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Serious Time for the Most Serious Crime Act
 
 
Thursday, June 18, 2009

Debate:   Serious Time for the Most Serious Crime Act

Mr. Bill Siksay (Burnaby—Douglas, NDP):  

    

Mr. Speaker, I am pleased to have the opportunity to participate in the debate on Bill C-36, An Act to amend the Criminal Code, on the right of persons convicted of murder or high treason to be eligible for early parole. The short title of the legislation, creatively crafted by the Conservative government, is the “serious time for the most serious crime act”, which is a bit of a strong misnomer for the legislation.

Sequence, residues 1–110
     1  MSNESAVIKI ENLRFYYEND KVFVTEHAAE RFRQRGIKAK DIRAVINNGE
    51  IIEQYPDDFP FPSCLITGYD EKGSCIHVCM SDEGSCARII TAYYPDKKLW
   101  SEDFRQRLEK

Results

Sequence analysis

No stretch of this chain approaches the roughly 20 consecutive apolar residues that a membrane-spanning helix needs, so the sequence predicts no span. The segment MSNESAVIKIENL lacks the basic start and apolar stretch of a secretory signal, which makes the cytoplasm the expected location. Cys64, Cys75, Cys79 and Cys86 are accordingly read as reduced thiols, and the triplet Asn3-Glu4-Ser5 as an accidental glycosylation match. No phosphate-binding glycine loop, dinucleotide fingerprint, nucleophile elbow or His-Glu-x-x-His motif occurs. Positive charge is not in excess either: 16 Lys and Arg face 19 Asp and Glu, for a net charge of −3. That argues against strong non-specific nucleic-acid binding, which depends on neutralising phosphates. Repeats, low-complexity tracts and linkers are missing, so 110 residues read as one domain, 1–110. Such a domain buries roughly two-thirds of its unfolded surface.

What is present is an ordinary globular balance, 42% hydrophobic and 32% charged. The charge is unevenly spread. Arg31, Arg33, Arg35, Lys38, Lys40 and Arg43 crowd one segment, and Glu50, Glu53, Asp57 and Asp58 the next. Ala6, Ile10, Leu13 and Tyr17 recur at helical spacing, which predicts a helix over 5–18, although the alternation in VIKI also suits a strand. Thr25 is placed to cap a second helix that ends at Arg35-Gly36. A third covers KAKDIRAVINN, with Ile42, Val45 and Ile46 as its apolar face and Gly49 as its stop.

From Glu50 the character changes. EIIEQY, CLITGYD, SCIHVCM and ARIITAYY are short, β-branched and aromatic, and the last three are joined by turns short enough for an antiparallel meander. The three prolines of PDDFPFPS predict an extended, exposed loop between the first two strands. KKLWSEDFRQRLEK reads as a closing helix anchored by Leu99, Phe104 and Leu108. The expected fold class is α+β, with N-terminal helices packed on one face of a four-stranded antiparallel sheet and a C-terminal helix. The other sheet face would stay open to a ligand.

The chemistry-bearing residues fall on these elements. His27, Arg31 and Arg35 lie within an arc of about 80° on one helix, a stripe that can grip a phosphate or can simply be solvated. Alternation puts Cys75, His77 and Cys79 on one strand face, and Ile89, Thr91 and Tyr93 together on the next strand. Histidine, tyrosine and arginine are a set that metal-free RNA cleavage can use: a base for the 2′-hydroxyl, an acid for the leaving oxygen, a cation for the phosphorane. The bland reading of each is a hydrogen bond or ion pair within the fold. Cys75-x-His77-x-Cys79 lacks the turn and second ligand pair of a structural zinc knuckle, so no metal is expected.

From outset, the principle of the legislation, which is to eliminate the possibility of revision to parole for people who have committed murder or who are sentenced to life for high treason, is completely wrong. I am strongly opposed to the principle of the legislation. We are not well served by this process of a judicial review, of citizen review in fact, and the faint hope clause should not be part of our criminal justice system.

    

We have been well served by this. It has encouraged rehabilitation in our prison system. It has allowed for a measure of discretion to review the parole eligibility of people who have been sentenced to a life in prison. It has also encouraged a strong measure of citizen involvement in making the decisions on that very important process.